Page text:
Automakers: UK car industry will stall without Brexit deal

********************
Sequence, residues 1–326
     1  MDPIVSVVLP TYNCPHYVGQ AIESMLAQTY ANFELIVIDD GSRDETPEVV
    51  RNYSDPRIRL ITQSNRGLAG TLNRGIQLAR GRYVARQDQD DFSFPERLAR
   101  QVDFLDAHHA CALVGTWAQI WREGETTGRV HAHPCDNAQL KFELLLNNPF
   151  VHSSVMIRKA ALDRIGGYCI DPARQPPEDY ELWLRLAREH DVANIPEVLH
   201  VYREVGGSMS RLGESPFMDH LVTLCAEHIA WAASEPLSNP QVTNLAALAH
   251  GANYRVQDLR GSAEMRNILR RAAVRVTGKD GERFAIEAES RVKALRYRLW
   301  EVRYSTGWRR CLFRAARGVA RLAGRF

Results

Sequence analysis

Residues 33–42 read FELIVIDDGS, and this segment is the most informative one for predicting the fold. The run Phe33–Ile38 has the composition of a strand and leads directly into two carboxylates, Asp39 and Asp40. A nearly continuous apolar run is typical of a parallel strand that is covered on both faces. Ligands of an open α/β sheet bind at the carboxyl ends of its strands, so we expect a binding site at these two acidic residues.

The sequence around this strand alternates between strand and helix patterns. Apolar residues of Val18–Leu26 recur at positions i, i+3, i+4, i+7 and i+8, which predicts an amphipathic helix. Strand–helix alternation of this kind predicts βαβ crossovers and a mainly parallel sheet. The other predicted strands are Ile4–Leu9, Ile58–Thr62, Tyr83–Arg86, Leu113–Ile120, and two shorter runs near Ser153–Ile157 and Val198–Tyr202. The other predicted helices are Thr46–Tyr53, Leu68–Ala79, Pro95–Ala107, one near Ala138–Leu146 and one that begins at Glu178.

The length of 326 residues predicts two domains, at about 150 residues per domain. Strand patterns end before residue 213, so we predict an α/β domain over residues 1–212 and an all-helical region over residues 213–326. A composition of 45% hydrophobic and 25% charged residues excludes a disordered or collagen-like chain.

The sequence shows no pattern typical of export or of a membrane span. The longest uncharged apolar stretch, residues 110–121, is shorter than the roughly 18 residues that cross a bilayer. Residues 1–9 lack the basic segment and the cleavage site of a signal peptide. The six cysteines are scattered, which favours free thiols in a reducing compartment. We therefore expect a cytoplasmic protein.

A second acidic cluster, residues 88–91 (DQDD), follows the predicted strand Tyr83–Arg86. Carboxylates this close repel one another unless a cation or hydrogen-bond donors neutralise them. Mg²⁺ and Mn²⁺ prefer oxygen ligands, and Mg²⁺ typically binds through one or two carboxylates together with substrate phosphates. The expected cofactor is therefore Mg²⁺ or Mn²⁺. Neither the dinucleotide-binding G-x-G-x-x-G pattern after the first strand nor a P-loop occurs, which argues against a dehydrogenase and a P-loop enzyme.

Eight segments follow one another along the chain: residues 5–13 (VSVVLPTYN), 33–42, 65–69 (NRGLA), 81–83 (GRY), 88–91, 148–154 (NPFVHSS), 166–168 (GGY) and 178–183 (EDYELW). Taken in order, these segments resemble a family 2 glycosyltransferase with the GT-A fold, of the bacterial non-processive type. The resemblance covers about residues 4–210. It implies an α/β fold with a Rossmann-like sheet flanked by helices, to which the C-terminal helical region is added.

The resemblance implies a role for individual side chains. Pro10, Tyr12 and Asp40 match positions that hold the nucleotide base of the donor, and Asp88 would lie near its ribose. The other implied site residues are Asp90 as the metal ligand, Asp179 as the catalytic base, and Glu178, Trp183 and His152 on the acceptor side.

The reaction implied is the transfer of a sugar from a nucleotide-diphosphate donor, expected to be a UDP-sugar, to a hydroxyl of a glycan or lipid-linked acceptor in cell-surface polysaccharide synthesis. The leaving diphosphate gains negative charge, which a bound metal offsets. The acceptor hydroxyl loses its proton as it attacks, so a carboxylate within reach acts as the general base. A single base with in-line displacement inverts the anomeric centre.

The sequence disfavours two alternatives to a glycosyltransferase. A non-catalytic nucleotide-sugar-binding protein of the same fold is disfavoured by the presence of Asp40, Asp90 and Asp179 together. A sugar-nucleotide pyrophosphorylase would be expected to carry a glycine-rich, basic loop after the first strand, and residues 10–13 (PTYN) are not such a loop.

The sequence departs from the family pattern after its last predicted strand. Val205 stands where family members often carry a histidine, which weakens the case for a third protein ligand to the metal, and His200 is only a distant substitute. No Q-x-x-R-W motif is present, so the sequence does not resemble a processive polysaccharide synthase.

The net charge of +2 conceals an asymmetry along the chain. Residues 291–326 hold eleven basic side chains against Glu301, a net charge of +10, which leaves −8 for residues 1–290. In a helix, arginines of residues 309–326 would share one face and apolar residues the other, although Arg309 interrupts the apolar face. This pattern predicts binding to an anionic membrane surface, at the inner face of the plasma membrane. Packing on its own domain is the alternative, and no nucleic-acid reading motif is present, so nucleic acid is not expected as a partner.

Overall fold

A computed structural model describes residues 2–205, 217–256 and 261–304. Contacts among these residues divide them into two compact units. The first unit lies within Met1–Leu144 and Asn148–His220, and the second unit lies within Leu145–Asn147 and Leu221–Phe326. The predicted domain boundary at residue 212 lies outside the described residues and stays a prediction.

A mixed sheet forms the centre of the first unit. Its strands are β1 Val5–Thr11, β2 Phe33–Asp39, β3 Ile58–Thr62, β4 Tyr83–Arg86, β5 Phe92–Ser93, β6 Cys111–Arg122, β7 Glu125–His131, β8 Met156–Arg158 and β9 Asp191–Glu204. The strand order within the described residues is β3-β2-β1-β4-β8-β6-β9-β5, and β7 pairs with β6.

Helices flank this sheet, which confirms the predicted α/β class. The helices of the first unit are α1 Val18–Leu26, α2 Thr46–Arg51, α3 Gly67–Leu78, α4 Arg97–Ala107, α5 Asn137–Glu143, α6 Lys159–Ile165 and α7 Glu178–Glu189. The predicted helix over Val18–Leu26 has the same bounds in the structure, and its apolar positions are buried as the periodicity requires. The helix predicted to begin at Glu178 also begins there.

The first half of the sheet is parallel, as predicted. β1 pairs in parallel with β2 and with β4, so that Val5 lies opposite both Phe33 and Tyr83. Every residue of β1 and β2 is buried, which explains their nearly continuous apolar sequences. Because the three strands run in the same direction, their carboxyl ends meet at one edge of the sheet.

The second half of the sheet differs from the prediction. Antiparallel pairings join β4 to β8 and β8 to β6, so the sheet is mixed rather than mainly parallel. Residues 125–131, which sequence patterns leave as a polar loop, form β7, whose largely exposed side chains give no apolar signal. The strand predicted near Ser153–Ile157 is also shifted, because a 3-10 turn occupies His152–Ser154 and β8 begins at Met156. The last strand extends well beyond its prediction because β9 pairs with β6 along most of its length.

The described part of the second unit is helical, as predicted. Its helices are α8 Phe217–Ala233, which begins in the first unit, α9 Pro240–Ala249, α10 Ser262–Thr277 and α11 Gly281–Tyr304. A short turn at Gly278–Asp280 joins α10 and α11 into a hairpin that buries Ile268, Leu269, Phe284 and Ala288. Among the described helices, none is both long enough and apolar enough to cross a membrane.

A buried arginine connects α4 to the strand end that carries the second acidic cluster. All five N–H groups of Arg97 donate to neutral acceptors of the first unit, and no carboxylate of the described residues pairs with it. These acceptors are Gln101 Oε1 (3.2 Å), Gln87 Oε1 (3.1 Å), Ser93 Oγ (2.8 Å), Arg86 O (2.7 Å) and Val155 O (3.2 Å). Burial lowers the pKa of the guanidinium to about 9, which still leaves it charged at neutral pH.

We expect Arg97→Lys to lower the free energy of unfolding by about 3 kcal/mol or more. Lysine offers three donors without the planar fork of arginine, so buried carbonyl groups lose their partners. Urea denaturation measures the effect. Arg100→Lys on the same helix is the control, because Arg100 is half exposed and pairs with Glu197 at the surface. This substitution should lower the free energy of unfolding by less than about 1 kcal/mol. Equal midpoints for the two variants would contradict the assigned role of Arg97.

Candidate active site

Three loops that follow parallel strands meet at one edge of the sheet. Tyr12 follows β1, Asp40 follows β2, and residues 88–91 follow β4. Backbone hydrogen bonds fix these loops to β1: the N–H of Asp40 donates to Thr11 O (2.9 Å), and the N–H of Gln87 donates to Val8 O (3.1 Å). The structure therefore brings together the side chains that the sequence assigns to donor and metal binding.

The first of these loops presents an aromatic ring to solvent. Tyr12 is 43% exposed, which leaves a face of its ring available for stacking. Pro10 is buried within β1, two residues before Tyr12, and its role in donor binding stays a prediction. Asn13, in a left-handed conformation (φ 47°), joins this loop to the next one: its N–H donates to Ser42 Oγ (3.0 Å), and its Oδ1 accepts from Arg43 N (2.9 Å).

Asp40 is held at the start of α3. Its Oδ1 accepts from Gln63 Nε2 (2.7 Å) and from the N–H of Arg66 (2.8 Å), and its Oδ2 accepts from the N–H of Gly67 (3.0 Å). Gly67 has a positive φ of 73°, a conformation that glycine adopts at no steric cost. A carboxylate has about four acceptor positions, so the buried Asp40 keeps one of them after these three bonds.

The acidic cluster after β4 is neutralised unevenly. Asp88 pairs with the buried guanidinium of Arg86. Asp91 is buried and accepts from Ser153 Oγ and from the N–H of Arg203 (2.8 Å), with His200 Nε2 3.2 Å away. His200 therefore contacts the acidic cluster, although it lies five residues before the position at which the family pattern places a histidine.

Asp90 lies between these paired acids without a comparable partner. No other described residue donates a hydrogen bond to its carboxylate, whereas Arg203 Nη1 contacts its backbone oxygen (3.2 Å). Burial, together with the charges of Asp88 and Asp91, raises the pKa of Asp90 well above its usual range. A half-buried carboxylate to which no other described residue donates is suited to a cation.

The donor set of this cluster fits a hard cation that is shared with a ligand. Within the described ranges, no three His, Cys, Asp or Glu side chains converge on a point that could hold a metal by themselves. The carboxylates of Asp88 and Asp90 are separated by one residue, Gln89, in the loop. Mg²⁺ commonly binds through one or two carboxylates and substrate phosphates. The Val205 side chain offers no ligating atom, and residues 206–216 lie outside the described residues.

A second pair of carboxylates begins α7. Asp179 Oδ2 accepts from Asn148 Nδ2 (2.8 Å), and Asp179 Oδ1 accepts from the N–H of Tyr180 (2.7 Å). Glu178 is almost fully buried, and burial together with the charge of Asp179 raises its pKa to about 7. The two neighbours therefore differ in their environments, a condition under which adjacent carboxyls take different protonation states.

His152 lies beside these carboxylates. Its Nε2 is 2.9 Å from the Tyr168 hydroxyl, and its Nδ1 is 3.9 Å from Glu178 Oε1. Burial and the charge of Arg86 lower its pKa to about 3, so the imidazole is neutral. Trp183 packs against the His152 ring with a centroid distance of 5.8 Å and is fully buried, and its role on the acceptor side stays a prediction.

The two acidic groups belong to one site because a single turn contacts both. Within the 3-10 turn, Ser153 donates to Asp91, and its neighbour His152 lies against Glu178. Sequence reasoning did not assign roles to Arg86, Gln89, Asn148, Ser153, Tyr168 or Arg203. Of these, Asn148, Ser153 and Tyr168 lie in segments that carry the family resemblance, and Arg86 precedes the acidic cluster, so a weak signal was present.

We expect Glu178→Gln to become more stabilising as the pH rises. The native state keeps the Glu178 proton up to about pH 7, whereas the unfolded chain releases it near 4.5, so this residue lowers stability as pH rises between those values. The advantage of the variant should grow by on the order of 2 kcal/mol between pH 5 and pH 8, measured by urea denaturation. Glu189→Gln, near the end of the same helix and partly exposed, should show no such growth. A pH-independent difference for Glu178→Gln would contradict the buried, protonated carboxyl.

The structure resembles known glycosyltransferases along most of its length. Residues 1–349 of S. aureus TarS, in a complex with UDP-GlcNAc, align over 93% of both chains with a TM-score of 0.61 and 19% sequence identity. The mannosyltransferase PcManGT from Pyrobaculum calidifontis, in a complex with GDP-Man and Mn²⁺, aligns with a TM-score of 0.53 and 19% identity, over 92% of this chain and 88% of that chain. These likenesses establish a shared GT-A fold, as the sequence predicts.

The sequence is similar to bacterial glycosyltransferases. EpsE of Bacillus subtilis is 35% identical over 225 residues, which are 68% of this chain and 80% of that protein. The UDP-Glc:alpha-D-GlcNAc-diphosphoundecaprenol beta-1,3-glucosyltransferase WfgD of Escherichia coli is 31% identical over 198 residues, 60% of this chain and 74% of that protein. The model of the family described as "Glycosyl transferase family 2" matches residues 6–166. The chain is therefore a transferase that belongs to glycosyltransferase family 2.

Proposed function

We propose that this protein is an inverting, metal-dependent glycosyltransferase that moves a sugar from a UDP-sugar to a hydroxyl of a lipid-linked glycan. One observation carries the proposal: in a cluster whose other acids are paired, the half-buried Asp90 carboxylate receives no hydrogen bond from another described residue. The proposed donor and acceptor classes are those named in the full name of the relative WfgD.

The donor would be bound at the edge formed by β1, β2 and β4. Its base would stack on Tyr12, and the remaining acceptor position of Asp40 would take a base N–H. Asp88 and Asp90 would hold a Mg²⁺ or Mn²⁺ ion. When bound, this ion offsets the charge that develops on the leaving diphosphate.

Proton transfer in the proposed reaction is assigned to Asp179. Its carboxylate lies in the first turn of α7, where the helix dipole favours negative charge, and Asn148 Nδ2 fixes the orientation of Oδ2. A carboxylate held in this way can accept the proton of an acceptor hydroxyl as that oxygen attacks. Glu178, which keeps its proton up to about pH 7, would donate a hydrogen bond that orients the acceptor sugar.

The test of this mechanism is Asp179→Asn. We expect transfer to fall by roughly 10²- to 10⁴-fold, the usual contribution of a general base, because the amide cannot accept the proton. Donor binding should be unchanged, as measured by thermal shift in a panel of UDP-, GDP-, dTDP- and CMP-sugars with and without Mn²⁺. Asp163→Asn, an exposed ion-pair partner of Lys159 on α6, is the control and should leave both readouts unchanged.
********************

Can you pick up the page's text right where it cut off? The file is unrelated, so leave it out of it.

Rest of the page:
first_imgHawes added British-based manufacturers faced a “big, big challenge” if tariffs were imposed because they would not be able to absorb the blow to competitiveness as easily as EU producers.The reason for this disparity was obvious from the numbers. Hawes noted that seven out of 10 new cars sold in the U.K. came from the EU27 countries. This meant that the EU producers have a dominant market position and would be able to pass tariff costs onto consumers. He predicted that the cost of importing a vehicle to the U.K. from any of the hundreds of plants across the EU would add at least £1,500 to the price tag.On the other hand, cars exported from the U.K. to the EU would have nowhere near the same market power, with just 6.3 percent of cars sold in the EU27 made in Britain, according to data from IHS.”You’re exporting into a market where you’re not the dominant market player, so you couldn’t pass that cost on to the consumer. So you would have to absorb that cost, which would immediately make you 10 percent less competitive,” he said.Premium productivityHawes suggested it would be difficult to offset these problems through productivity gains. He argued Britain was “already one of the most competitive” places to build a car. “So how would you recoup that cost?”To avert that risk, Hawes called for “another system which mirrors the customs union.” His association hopes that leaders will find a way to juggle the numbers.“There are some ways around it. You have diagonal accumulation, where parts produced in other countries count for European content. Now, we’re looking for some arrangement where EU content would count as British content and vice versa to ensure you could overcome those obstacles that are intentionally there,” he said.About two-thirds of the non-local content is made of up of EU parts, Hawes said. Each vehicle is typically made of 30,000 parts.The EU’s automotive industry association also says it has a lot riding on how talks pan out over the next two years.“Our industry is unique in that it has a business model based on a full integrated supply chain that has developed across Europe,” said Erik Jonnaert, the secretary general of European automotive industry association ACEA. “Whatever we do over Brexit will cause pain.”Pulling out of the single market and the customs union makes Europe’s biggest automotive country nervous. Britain’s car industry has issued a stark warning that it will struggle to compete if Prime Minister Theresa May delivers on a threat to walk away from an EU deal.The nightmare scenario for British industry is that the U.K. will crash out of the EU without a trade deal in 2019 and move on to tit-for-tat tariff arrangements. In the case of the carmakers, the EU’s external duties are high, with tariffs of 10 percent on cars and about 4 percent on car parts.”The prime minister said that no deal is better than a bad deal. It’s hard to envisage a deal that would be worse than [no deal],” the chief executive of the U.K.’s Society of Motor Manufacturers and Traders, Mike Hawes, said in an interview with POLITICO. EU leaders are due to meet on Saturday to formulate a starting position in Brexit talks, while U.K. Prime Minister Theresa May has been clear she will wave goodbye to the single market. Cars represent a huge strategic consideration for the U.K. because the country is a production center for Japanese carmakers, such as Nissan and Toyota, which have stressed the importance of Britain’s terms of trade to continued investment in the country.The U.K. is the second-biggest passenger car market in Europe after Germany | Carl Court/Getty ImagesHigh two-way duties are probably only a risk if Brexit negotiations collapse over citizens’ rights and the U.K.’s multibillion-euro divorce settlement. EU officials have said that a more likely option is some kind of tariff-free arrangement on goods that would squeeze Britain harder on services, particularly banking and aviation.Rules of originHowever, even the tariff-free arrangement would not get around the thorny issue of “rules of origin.”According to Hawes, some 41 percent of the parts in U.K. cars are British, while the majority come from abroad.The percentage of foreign content will be key in determining whether a car is covered by a trade deal with the EU. Even without tariffs, British carmakers are at risk of regulatory extra costs in proving that balance of components is in line with EU requirements.“If you look at most free-trade agreements, they generally set the bar at about 55 percent local content for rules of origin. We’re at 41 percent, there’s a big gap,” said Hawes. The U.K. is the second-biggest passenger car market in Europe after Germany, with around 2.7 million registrations last year. Imports made up 86 percent of that and while local production is growing, some 80 percent of British production in 2016 was exported, with over half of that going to EU markets.Pulling out of the single market and the customs union makes Europe’s biggest automotive country nervous too. Even though BMW puts together the iconic Mini at a plant in Oxford, some components are assembled in Munich before being shipped to the U.K. and parts are also imported from elsewhere in Europe.“The EU needs Britain, and Britain needs the EU,” said Matthias Wissmann, president of Germany’s powerful Association of the Automotive Industry. “There is no doubt that a ‘hard Brexit’ would also damage the British automotive industry, and would be both difficult and expensive. The consequence would be a long phase of uncertainty.”Car giants with plants in the U.K. like Nissan, Toyota or BMW plan their operations years ahead as they decide on new models and where to base production, Jonnaert said. The uncertainty over Brexit steers investment choices for the mid-2020s.“The consequence would be a long phase of uncertainty. It will take years before new treaties are concluded. Prospects like that deter investors,” said Wissman. Also On POLITICO ‘Tolls are coming’ to Germany’s autobahns By Janosch Delcker Interim EU trade deal to hit UK services hard By Hans von der Burchard How to stop trucks from being turned into weapons By Joshua Posanerlast_img